While Mr. Beadle's earlier literary work was done for individual newspapers and magazines or appeared in book form, for tho last 15 years of his life he wrote almost constantly for a great newspaper syndicate, of which this paper is a member. While as a rule he wrote over his own name, he contributed much over the signature J. B. Parke. His death, which occurred recently at Rockville, Ind., came only after a long illness which for many years had threatened to terminate his career and which he had more than once warded off only after a severe struggle.

John Hanson Beadle was a log cabin product. He was born March 14, 1840, on a farm about two miles from Waterman, Wabash county, Ind. His father was a Kentuckian who had some German blood in his veins and his mother a Marylander, of English descent.

Although a settler's son, he lacked the rugged frame and the strong constitution which should have been his. But he had instead a fine intellect, which he lost no opportunity to develop. In fact, as boy he was reckoned as a good deal of scholarly prodigy. He learned to read at a remarkably early age, and by the time he was 7 years old, when most farmers' boys have but barely mastered their letters, he was among the advanced scholars in the district school. Even then his memory was considered marvelous, and at the ago of 10 he committed the entire New Testament, besides the book of Job and most of the Psalms. At the age of he entered the Rockville high school, and when he was 12 he had fitted himself for college and was ready to enter the University of Michigan at Ann Arbor. Ill health prevented, however, and it was only after five years of farm labor that he went, apparently a strong and healthy young man, to Ann Arbor.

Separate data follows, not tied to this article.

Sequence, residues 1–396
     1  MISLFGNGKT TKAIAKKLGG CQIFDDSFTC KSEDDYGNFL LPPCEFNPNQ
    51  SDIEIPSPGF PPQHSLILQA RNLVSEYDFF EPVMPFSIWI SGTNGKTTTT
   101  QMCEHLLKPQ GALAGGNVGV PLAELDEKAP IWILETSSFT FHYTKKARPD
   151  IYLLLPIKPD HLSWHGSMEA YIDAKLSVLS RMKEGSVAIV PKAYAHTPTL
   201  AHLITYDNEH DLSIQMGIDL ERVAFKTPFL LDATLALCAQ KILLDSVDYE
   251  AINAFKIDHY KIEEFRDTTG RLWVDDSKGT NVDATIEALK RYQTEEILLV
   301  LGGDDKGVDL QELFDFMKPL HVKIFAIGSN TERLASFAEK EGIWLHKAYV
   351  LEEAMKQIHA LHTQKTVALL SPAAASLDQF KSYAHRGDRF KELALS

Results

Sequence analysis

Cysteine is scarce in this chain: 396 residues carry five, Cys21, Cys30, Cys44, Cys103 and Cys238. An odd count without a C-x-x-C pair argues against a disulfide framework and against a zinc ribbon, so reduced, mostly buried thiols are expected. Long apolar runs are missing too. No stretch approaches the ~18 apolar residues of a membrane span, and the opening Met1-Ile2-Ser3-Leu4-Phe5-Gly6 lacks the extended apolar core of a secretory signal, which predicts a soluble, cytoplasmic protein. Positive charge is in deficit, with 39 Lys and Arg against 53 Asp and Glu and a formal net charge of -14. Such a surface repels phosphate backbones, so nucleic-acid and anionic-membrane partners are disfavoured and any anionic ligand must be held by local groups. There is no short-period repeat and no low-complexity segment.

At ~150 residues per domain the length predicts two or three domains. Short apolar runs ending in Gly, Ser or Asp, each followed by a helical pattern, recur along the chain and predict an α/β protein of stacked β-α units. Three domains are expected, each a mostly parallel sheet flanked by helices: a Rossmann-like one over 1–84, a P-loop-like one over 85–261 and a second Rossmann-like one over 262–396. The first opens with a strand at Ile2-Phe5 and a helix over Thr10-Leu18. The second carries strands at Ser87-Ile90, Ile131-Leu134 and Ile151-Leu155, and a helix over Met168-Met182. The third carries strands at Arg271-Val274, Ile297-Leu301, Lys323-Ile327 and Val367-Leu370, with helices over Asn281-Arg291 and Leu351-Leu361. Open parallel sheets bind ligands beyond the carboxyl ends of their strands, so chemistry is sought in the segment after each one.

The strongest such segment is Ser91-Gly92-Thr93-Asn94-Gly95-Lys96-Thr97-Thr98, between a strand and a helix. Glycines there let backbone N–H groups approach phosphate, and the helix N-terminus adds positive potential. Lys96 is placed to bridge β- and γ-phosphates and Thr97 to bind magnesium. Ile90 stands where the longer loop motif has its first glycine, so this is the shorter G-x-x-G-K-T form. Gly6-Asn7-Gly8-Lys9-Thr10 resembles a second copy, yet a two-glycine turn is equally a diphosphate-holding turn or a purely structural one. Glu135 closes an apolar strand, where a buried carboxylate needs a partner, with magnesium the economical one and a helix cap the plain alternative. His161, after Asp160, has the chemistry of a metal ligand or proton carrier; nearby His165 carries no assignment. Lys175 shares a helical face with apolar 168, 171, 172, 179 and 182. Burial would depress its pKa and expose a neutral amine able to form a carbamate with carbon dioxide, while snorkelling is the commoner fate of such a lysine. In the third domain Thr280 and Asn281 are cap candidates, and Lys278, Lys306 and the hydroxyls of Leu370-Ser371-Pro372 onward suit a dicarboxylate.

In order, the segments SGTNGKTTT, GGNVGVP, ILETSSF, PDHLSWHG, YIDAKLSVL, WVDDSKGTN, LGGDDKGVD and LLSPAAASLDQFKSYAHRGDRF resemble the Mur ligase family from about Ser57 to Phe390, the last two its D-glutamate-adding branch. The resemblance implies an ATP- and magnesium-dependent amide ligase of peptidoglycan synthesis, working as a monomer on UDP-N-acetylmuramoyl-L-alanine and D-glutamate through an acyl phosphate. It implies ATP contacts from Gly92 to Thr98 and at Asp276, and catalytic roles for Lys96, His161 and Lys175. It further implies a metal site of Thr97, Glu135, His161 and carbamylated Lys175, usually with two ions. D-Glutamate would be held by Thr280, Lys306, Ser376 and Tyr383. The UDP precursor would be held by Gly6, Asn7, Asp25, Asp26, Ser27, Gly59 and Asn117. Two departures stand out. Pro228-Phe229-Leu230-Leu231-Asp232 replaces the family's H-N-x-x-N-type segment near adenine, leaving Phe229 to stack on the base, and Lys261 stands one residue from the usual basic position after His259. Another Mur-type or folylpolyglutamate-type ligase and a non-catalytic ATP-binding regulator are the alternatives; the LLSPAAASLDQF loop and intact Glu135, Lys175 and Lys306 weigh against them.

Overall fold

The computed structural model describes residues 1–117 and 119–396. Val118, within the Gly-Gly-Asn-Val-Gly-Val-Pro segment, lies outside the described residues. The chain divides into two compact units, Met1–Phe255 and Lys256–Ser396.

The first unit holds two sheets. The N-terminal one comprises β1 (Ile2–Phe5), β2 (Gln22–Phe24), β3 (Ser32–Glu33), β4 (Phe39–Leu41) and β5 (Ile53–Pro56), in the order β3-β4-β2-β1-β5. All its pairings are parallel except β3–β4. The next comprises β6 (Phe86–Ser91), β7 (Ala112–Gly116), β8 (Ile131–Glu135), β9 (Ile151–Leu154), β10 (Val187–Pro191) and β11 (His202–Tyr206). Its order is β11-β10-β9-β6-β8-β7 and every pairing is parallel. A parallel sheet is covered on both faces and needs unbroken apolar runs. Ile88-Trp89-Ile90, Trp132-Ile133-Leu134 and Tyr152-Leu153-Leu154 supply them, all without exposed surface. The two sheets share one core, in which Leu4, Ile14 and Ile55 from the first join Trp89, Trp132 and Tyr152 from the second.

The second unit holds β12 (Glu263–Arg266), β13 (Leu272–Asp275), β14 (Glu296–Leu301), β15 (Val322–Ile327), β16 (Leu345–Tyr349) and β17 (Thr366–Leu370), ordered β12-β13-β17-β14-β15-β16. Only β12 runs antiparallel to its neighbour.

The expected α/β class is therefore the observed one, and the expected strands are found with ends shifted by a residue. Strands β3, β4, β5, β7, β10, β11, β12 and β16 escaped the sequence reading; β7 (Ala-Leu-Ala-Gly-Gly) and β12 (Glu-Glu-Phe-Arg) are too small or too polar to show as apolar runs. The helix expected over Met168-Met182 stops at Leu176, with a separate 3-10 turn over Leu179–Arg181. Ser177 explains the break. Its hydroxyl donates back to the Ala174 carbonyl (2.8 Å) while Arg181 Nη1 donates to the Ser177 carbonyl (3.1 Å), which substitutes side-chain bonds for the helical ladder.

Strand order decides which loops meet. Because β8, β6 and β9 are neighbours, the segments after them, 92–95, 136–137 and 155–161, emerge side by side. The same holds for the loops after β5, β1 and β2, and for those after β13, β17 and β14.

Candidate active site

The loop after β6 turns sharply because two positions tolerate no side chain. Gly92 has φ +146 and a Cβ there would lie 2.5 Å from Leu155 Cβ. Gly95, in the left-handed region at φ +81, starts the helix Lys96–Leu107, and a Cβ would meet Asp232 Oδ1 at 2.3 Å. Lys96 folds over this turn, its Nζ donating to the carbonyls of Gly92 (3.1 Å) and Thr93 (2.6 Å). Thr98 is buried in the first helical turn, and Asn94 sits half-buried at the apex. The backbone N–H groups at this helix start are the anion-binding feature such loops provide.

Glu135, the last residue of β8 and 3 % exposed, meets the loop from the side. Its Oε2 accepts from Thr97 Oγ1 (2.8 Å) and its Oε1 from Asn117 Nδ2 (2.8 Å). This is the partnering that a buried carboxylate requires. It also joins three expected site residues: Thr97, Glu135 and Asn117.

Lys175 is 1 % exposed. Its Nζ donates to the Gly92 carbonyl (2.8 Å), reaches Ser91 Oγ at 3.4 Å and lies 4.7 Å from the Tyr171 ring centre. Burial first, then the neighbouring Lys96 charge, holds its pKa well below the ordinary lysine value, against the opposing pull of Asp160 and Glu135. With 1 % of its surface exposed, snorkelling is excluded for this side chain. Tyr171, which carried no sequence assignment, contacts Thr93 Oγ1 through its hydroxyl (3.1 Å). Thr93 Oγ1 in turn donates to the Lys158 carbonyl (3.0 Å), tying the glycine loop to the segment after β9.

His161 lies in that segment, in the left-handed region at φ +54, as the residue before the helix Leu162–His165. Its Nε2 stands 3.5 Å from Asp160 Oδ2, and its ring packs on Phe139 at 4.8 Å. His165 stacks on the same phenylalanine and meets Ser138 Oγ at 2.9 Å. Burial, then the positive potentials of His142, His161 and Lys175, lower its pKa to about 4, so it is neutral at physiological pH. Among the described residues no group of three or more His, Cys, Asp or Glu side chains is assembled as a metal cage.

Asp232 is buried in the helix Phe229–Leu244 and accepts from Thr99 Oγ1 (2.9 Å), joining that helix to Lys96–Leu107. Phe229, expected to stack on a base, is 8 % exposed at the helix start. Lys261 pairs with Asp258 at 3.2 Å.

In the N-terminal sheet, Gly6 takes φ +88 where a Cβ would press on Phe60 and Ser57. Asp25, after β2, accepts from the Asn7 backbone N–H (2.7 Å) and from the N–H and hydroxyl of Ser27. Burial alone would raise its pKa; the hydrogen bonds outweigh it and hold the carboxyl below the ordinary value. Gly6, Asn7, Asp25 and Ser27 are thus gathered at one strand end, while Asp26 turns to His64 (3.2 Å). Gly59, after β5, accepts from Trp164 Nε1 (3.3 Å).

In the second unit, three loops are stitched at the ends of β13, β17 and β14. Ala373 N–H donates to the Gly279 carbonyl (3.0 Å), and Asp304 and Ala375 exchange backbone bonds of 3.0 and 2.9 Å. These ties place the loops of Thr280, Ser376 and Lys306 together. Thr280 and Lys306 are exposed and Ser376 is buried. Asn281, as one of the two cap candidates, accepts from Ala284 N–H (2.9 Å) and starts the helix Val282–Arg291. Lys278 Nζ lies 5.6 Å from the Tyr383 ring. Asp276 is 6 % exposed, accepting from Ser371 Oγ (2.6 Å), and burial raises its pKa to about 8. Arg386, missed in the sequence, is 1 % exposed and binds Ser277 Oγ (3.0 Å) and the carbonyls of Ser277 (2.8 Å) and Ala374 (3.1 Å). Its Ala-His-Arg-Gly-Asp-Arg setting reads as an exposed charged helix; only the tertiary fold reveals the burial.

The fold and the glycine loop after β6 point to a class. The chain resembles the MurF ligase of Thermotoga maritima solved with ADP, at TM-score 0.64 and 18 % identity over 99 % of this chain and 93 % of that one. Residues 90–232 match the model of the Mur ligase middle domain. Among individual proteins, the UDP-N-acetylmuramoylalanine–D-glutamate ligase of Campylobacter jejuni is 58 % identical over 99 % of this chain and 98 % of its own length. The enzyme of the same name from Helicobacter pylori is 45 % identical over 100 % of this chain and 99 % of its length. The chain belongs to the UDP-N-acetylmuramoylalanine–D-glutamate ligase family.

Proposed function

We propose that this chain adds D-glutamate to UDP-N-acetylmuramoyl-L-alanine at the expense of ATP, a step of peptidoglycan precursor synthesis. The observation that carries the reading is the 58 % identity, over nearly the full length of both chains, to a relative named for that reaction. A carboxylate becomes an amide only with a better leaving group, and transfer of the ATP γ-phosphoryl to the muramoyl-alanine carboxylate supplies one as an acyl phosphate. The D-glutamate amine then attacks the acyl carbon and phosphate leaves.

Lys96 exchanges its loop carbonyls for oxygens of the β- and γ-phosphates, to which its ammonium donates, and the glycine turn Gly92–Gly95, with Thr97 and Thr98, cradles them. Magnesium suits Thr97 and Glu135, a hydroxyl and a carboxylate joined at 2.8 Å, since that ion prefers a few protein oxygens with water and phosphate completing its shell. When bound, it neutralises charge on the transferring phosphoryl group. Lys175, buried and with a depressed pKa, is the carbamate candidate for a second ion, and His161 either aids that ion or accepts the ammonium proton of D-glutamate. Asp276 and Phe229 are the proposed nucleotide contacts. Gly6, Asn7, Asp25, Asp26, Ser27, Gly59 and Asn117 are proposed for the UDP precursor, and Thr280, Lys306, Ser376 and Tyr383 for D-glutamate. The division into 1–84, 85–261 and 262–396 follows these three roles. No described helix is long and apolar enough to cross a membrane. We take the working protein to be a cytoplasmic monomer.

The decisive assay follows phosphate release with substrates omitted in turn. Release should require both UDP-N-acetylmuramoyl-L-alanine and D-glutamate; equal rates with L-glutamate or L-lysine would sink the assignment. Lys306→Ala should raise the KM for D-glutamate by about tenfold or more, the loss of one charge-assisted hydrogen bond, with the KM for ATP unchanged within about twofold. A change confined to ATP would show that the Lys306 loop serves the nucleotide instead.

In the second year of his college term he broke down again and was compelled to give up all thoughts of being graduated. At the end of a long illness he made a tour through Illinois, Missouri, Iowa and Minnesota, paying his way by farm labor, teaming and selling books. This heroic remedy so fully restored his health that he returned to college.

Soon after the breaking out of the war he enlisted as a private in Company A, Thirty-first Indiana volunteers. He carried a musket until the terrible hardship and exposure to which the Federal troops wero exposed while under the grim walls of Fort Donelson unfitted him for further service, aud he came out of the hospital to wear the blue no more.

During the next four years Mr. Beadle traveled, taught school and studied law and in 1800 was admitted to the bar. For two years he practiced his profession in Evansville, but again started out in search of fleeting health. It was then that he began his career as a journalist. He had started for California the winter of 1868, but stopped in Salt Lake City and found so much that interested him among tho Mormons that he staid there and sent letters to the Cincinnati Commercial. He also became the editor of the Salt Lake Reporter, crisp little daily which had a short but eventful existence.

Mr. Beadle's initial experiences as an editor were of such an exciting character that it would not have been strange had he given up the profession then and there. At that time the Mormon church was at the height of its power in Utah, and Brigham Yanng ruled the territory with an iron hand. The murderous Danites were as yet unchecked, and the gentile who was not silent and submissive while in Utah was in danger every moment.

In this hotbed of fanaticism and prejudice Mr. Beadle, with an intrepid hardihood that those who knew his usually unaggressive manner can hardly comprehend, established an anti-Mormon daily and proceeded to pour the hot shot of criticism and denunciation into polygamy and its attendant evils. In an article which he wrote several years after for Harper's Monthly he described the situation in his own terse style, follows: